Questions & Answers

Here is a list of common questions and answers regarding VIVITROL treatment. If you need more support, please visit our request a representative page.

Vivitrol Basics


VIVITROL is a once-monthly, non-addictive medication approved by the FDA that works with counseling to treat opioid and alcohol dependence. VIVITROL is not associated with diversion.1,2

VIVITROL is indicated for treatment of alcohol dependence in patients who are able to abstain from alcohol in an outpatient setting prior to initiation of treatment with VIVITROL. Patients should not be actively drinking at the time of initial VIVITROL administration. VIVITROL also is indicated for prevention of relapse to opioid dependence, following opioid detoxification. VIVITROL should be part of a comprehensive management program that includes psychosocial support.1

What kind of treatment is VIVITROL?

VIVITROL is an opioid antagonist, meaning it does not activate the opioid receptors, so there is no excessive stimulation of the dopamine reward system in the brain.1

How long has VIVITROL been on the market?

VIVITROL was initially approved by the FDA to treat alcohol dependence in 2006 and then approved to treat opioid dependence in 2010.3,4

How Vivitrol Works

How does VIVITROL treat opioid dependence?

Following an initial detox period of 7–10 days, a single injection of VIVITROL blocks opioid receptors in the brain for a month at a time. VIVITROL binds to the opioid receptors in the brain and is not associated with tolerance or dependence. Coupled with behavioral changes associated with counseling, VIVITROL prevents relapse to opioid dependence.1

Why is opioid detox necessary before treatment?

To prevent withdrawal or exacerbation of a pre-existing subclinical withdrawal syndrome, opioid-dependent patients, including those being treated for alcohol dependence, should be opioid-free (including tramadol) before starting VIVITROL treatment. An opioid-free interval of a minimum of 7–10 days is recommended for patients previously dependent on short-acting opioids.1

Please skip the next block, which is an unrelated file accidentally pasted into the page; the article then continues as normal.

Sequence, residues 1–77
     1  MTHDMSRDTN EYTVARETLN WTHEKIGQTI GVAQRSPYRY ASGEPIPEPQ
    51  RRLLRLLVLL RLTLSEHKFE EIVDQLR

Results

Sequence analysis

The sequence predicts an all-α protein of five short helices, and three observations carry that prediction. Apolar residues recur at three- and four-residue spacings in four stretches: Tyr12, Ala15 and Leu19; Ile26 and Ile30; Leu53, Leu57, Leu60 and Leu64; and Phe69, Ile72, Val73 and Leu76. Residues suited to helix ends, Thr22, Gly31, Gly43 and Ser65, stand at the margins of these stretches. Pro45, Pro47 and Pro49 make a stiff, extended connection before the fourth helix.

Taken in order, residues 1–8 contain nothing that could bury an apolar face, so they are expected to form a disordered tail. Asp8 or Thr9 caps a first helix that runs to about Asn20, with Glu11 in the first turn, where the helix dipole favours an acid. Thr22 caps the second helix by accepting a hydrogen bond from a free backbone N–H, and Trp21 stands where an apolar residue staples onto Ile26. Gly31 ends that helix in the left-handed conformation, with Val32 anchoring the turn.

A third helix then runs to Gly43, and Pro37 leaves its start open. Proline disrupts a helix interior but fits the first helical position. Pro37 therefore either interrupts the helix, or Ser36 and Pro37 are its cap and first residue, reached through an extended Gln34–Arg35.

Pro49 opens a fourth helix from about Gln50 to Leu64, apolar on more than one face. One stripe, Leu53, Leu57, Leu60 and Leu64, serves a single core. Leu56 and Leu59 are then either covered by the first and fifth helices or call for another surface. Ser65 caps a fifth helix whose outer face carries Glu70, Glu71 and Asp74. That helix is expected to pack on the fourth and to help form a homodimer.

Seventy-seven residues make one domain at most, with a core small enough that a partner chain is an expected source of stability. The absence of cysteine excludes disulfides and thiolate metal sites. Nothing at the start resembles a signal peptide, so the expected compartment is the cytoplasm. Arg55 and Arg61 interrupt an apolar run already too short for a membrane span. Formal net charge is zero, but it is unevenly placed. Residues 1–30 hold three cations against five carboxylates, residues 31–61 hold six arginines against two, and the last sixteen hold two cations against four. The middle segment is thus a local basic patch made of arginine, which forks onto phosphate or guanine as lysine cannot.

Can VIVITROL cause a false positive on a urine drug-screening test?

VIVITROL may be cross-reactive with certain immunoassay methods for the detection of drugs of abuse (specifically opioids) in urine. For further information, reference to specific immunoassay instructions is recommended.1

Why is counseling a necessary part of a VIVITROL treatment program?

Opioid and alcohol addiction is more than a physical dependence on drugs. Psychological factors and social interactions are often powerful stimuli for opioid and alcohol relapse. Counseling can help patients recover by addressing the challenges and consequences of addiction.5 Treatment plans may be tailored to a person's addiction and individual needs.6


Where can I find information on grants that may be able to help fund an opioid or alcohol dependence treatment program?

Please review information on the Program Funding Sources Page.

Where to find VIVITROL prescribers

Where can I find providers who can prescribe VIVITROL?

Please visit the Find a Prescriber section of the website.


Explore support initiatives related to treating opioid and alcohol dependence.

See potential funding sources


VIVITROL is an opioid antagonist.1 Learn more about offering VIVITROL and counseling as part of your program.

Find out how VIVITROL works


Learn more about offering VIVITROL and counseling as part of your program.

Is VIVITROL right for the individuals in your

VIVITROL is not right for everyone. There are significant risks from VIVITROL treatment, including but not limited to, risk of opioid overdose, injection site reaction and sudden opioid withdrawal. See Important Safety Information below.


  1. VIVITROL [prescribing information]. Waltham, MA: Alkermes, Inc; rev July 2020.
  2. Substance Abuse and Mental Health Services Administration. Naltrexone. Revised September 2016. Accessed August 16, 2017.
  3. US Food and Drug Administration. VIVITROL approval letter for alcohol dependence. April 2006. Accessed August 8, 2017.
  4. US Food and Drug Administration. VIVITROL approval letter for opioid dependence. October 2010. Accessed August 8, 2017.
  5. Substance Abuse and Mental Health Services Administration. Medications to Treat Opioid Use Disorder. Treatment Improvement Protocol (TIP) Series 63, Full Document. HHS Publication No. (SMA) 18-5063FULLDOC. Rockville, MD: Substance Abuse and Mental Health Services Administration, 2018.
  6. National Institute on Drug Abuse. Principles of drug addiction treatment: a research-based guide. NIH publication 12-4180. December 2012. Accessed April 10, 2019.